New year's Resolutions tips and ideas

New year's Resolutions tips and ideas

Aromatherapy: introduction to aromatherapy essential oils history and effects

Written By: admin - Dec• 21•09

Aromatherapy is a form of holistic medicine, which improves health and wellness using essential oils (that is volatile plant materials) and other aromatic compounds from plants. Aromatherapy covers a wide spectrum of practices: personal care, wellness and hygiene products; massage therapists, chiropractors, nurses and doctors. Over-the-counter products that make use of essential oils (or their constituents, such as menthol and methyl salicylate) include mouthwashes, liniments and “rubbing ointments”, such as Listerine, Mentholatum Deep Heat and Vicks VapoRub. However, aromatherapy purists insist that neither essential oil constituents as such, nor synthetic fragrant chemicals, should ever be used.

According to eHow Contributing writer Jamie Robertson, the Chinese were probably the first to use aromatherapy. This ancient practice involved burning incense to restore harmony and balance to their lives. Later, cultures in Egypt, India, and Persia created methods of distillation that allowed them to extract the essential oils from plants, including cedarwood, cinnamon, and myrrh. These oils were used for medicinal purposes and as donations to the gods. Throughout the Medieval age, new essential oils were developed and use for a range of purposes, including fighting off the plague.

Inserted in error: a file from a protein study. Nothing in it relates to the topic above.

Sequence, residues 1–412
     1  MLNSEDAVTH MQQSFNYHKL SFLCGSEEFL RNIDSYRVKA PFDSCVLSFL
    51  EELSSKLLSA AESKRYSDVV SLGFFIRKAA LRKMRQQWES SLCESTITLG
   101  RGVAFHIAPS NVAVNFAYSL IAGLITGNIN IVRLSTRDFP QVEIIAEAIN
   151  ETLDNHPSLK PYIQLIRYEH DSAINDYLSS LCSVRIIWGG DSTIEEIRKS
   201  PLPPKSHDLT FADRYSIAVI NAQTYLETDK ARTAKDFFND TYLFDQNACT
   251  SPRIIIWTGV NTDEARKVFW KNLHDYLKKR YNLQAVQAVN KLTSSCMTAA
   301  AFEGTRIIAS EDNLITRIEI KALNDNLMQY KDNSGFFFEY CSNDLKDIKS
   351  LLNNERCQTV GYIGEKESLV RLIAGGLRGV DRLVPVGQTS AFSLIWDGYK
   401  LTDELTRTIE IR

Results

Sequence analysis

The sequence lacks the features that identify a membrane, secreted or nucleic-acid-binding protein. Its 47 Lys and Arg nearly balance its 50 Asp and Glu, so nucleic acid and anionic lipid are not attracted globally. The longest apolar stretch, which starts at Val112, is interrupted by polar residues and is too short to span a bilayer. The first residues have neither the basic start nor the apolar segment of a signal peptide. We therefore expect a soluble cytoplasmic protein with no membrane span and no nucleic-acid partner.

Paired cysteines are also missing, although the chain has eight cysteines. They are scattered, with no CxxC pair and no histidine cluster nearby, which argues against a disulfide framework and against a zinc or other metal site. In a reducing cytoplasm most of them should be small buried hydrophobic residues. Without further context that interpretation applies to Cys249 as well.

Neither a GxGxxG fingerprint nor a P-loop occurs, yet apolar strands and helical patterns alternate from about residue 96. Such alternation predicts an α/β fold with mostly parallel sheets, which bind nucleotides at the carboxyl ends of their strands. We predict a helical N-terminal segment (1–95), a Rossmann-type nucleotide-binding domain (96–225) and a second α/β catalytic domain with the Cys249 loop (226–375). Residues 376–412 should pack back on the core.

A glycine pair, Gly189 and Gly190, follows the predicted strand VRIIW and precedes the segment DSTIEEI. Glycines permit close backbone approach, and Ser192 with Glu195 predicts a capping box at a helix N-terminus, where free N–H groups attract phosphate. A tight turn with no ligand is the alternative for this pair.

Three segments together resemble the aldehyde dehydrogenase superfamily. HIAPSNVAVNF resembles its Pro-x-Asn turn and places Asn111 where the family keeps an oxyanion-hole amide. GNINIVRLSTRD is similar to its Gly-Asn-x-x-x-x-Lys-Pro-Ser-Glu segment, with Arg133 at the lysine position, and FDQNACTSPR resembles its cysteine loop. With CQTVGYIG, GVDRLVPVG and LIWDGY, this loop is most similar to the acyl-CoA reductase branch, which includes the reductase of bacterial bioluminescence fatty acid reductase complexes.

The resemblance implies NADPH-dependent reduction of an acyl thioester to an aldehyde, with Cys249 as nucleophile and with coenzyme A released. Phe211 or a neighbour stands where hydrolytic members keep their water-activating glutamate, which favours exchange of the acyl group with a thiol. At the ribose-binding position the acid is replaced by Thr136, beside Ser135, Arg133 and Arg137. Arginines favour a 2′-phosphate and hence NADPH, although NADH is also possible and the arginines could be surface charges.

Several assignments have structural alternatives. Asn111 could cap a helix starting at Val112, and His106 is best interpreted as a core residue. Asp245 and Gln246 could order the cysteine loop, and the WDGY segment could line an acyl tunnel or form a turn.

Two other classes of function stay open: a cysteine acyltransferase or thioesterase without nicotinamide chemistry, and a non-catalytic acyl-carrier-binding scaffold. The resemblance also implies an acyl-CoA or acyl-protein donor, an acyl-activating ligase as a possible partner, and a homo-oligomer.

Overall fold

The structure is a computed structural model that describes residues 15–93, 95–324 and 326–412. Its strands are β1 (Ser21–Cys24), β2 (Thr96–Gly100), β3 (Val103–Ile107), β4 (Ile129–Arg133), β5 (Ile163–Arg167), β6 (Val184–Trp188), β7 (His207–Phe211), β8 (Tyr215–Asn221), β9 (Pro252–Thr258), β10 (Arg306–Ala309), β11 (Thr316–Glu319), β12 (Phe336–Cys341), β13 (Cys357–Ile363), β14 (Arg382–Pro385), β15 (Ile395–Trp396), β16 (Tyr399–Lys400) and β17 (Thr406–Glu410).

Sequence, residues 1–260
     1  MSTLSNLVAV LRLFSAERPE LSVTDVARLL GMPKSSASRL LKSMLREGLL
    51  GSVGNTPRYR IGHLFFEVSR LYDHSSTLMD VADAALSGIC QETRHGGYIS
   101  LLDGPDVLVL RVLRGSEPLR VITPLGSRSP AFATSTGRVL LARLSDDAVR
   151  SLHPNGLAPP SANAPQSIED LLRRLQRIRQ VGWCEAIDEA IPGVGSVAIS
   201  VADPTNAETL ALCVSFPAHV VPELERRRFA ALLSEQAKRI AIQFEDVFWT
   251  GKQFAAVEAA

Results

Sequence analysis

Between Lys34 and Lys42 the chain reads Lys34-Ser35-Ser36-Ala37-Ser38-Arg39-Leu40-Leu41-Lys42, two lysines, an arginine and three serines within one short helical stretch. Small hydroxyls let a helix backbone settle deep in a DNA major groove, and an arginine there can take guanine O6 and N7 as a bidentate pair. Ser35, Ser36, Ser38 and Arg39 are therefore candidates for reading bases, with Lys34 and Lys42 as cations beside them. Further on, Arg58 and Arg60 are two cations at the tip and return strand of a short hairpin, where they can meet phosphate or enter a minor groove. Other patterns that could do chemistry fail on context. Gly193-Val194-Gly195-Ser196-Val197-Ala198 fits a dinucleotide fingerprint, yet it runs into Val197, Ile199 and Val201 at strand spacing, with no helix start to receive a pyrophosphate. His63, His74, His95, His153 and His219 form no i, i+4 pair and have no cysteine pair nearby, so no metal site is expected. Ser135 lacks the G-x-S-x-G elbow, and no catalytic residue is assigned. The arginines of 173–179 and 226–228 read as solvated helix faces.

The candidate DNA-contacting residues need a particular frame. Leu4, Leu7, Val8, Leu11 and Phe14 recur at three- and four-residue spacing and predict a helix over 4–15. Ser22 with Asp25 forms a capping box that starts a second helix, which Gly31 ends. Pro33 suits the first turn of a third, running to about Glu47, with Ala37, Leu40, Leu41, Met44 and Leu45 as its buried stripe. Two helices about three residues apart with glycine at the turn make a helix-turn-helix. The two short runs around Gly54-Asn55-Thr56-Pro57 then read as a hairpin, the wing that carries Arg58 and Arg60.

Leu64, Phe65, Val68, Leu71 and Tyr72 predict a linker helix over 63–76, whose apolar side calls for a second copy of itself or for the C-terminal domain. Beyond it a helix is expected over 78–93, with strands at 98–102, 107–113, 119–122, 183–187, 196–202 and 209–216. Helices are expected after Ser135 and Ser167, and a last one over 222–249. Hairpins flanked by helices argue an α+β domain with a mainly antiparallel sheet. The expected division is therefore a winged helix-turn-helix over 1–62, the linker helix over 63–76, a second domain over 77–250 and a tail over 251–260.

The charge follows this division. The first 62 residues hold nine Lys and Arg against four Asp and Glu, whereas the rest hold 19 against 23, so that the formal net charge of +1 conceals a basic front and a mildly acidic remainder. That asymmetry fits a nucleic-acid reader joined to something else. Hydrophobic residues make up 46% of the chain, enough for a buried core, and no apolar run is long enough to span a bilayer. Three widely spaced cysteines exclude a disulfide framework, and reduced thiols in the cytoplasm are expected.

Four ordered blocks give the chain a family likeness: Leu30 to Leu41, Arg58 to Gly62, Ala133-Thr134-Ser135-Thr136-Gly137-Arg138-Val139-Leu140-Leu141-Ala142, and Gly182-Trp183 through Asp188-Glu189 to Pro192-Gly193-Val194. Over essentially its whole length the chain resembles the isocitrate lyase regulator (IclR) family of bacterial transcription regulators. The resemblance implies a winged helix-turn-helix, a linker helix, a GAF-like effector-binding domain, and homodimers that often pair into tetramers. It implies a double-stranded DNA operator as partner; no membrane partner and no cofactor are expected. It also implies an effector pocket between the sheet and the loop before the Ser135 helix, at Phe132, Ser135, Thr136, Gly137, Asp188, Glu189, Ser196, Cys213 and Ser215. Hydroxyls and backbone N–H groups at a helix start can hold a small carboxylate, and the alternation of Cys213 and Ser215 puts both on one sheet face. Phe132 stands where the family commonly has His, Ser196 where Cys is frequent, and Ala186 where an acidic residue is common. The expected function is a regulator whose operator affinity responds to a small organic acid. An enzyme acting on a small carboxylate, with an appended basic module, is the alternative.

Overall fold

The use of aromatherapy can have a number of positive effects on the individual. Inhaled essential oils can stimulate both the mind and the body, such as easing congestion by inhaling eucalyptus and relieving insomnia with lavender. Applying diluted essential oils to the body can help to rejuvenate the skin, provide relief for common dermatological conditions and provide general health benefits. But also be aware that essential oils needs to be properly used. If you apply them to the skin, you should always dilute them using a carrier oil, such as almond or grapeseed oil. Undiluted essential oils can cause a permanent sensitivity. Many people are allergic to certain essential oils and may have an uncomfortable, painful or even life-threatening reaction to its use. Before applying a new essential oil to your skin, always do a patch test on a small area of skin.

Aromatherapy oils come in many forms, including essential oils, absolutes, CO2s and hydrosols. While these are all slightly different, they are often referred to as essential oils. Technically, essential oils are distilled from plants, herbs and roots using only water and heat. Absolutes, like essential oils, are distilled from plants; however, they are distilled using a much more complicated process that involves the use of chemical solvents, which are later removed. CO2s are created when essential oils are extracted using pressurized carbon dioxide. Hydrosols are simply the aromatic water that is left behind after essential oils have been distilled.

Because many essential oils in aromatherapy are potent antimicrobials, they can be useful in the treatment of infectious disease. They are used as medicines, often in combination with other herbal preparations, by a small group of doctors in France. In nursing, essential oils are increasingly used in pain management, anxiety/depression, and Alzheimer’s disease. Aromatherapy may be used in combination with other forms of alternative medicine. Terms such as ‘essential oil therapy’ ‘clinical aromatherapy’ and ‘medical aromatherapy’ have been used by some journals, educational institutions and practitioners, in order to distance themselves from association with the commercial aspects.

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